Back on the yard I tied him outside his stable (as the bed was made and he was going out, so I didn’t want it spoiled) and untacked him. I quickly put the tack away and came back with his turnout gear … he was stretched out and peeing a torrent… splashing up his legs all over 2 expensive knee boots and 4 brand new hi-vis fetlock bands as well as all up the wall. Thanks Drifter.

Needless to say they and the horse were washed. It occurred to me afterwards it probably would have been easier to leave everything on the horse and hose the gear down in situ, but I didn’t think of that at the time.

In other news, expect me to be calling him woolly boy again more often – the winter coat growing is in full swing. He is seriously fuzzy. No one else’s horse looks like a persian cat, just mine, but everyone wants to stroke his soft fluffy neck. I’m trying to put off getting him clipped for a few more weeks, because I think he’ll just grow out again. It started growing in the hot August weather, so much as people tell me he won’t grow out if he’s well rugged, I’m taking that with a pinch of salt.

I don’t have any new pictures, so here’s a dragon picture again to keep you going. But he’s so much fuzzier than this now.

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*Some highlights have been the 1835 veterinary work with lots of discussion of hooves, shoeing and ailments of the horse; and the sarcastic suffragette poem telling women it was much better to bore themselves at home thinking only of cooking than to end up in prison trying to help womenkind. There were also some illustrated hardware catalogues from the 1870s and a 1960s edition of Dante’s Divine comedy in parallel Italian and Esperanto, which I’m sure will come in handy.

Cantering to the right?

DSCN4334I expect this to turn into quite a long post … so don’t say you haven’t been warned. Drifter appears to be saying that long posts are not his cup of tea, but then this is a picture taken after I’d ridden him in my lesson and then pulled his mane, so I think he’d had enough of me by this point.

The quest to canter to the right has so far included three visits from the physiotherapist and quite a few schooling sessions, at least one of which was with my instructor riding him so that she could better advise me.

The phsysio has really made a marked difference. He is much more even to ride now. I am quite asymmetric myself, although this is an area I’ve really improved in, but both my instructor and I were blaming me for quite a bit of wonkyness that was actually the horse not the human. Since he’s had his sore bits loosened up suddenly I don’t feel like my right leg is floating around unconnected to the rest of my body. I no longer get 10 minutes into a ride and feel like one leg is exhausted and the other isn’t.  My “feel” for him has really improved. At first I assumed that was from the lunge lessons, but I wonder now whether it’s because it’s hard to feel a horse that’s trying not to use one quarter as much as the other. Now he’s moving freely we’re not using our energy disagreeing over whether he’ll use all of his legs equally, and have more energy left to think about everything else.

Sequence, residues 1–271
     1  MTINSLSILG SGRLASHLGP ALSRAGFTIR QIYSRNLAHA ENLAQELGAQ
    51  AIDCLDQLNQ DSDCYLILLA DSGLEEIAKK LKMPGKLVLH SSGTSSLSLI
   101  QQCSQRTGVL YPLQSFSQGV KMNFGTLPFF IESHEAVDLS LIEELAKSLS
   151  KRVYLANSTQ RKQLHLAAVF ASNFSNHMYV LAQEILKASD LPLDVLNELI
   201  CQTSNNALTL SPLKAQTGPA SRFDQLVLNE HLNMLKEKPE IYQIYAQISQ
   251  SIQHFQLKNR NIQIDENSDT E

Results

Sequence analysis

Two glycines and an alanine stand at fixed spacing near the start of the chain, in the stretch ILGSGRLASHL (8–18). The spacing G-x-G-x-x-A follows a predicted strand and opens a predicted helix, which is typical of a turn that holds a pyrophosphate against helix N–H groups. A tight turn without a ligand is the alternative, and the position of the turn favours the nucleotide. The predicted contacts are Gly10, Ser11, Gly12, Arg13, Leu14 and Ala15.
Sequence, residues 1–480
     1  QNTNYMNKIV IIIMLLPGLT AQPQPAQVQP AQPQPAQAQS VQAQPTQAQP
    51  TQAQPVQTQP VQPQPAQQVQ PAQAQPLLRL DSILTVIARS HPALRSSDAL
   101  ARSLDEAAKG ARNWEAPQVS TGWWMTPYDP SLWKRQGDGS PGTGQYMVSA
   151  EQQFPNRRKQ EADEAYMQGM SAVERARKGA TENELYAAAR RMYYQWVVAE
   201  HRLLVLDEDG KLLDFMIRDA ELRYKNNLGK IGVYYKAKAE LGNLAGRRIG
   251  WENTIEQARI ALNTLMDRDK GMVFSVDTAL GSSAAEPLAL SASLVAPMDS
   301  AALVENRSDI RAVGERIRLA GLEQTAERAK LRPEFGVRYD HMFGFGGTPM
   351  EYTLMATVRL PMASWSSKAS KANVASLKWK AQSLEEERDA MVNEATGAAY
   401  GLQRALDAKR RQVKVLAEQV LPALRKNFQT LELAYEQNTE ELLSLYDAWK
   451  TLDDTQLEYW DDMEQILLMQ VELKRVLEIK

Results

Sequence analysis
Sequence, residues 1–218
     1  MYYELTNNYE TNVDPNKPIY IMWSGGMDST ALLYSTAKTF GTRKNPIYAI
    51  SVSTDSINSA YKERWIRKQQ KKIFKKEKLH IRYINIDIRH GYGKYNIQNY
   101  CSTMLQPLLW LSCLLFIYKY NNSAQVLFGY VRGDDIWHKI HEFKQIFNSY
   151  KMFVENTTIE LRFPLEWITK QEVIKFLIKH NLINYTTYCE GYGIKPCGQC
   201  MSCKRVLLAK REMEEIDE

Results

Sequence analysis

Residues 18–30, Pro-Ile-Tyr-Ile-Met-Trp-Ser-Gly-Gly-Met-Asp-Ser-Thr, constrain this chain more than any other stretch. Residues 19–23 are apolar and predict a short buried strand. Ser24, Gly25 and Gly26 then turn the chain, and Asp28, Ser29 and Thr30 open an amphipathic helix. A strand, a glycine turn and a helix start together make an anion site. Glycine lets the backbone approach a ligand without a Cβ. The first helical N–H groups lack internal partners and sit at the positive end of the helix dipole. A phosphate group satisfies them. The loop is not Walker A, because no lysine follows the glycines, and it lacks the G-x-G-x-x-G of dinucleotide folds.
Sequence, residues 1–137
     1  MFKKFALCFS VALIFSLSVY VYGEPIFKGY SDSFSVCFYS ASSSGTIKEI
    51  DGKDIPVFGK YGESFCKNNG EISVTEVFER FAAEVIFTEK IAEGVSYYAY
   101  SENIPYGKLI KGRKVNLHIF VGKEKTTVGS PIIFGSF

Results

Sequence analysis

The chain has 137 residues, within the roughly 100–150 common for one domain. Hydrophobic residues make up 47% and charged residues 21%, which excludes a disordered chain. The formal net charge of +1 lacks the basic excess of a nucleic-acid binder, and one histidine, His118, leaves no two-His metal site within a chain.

Showing the pulled mane and also the weight he's put on. And the pile of pulled-out mane is in the right of the shot.

The newly pulled mane. This also shows some of the weight he’s put on since I got him. And the pile of pulled-out mane is in the right of the shot.

The physio said that because of his weak side being very weak circles are hard for him and that we should do squares with round corners. This makes sense, and now I can feel that circles are hard for him. Now that I can feel his balance more I can feel that the basic walk trot dressage test is actually pretty challenging for him. It’s not just because of the rider that the circles weren’t round and the turns onto the centre line were iffy. I had my heart set on doing a walk-trot-canter dressage test as soon as we could. It looks now as if that might be a way off. I thought all our issues were about my riding standard needing to improve and hadn’t realised he was struggling as well. I imagine that he’s not been schooled that much or surely he’d be more even? I know he’s hunted, and I’m told his habit of looking to the outside rather than the inside probably stems from having been lunged a lot in the past, so perhaps his schooling has been neglected.

So he’s been getting some professional schooling alongside my efforts. When my instructor rode him she said that she found it much easier to get him to canter when he had lots of impulsion and roundness. So that’s what I’ve been working on. In walk and trot, mostly. I’m finding that hard enough to keep me busy without asking for the canter transition as well. As he’s getting schooled by the staff that means he can work on the canter without me and I can work on impulsion and roundness without worrying about the canter for the meantime, and then think about the canter once I’m more at home with how I need to get him going before asking for the transition.

The eye itself is better now, just a few scabs underneath still to heal.

The eye is better now, just a few scabs underneath still to heal.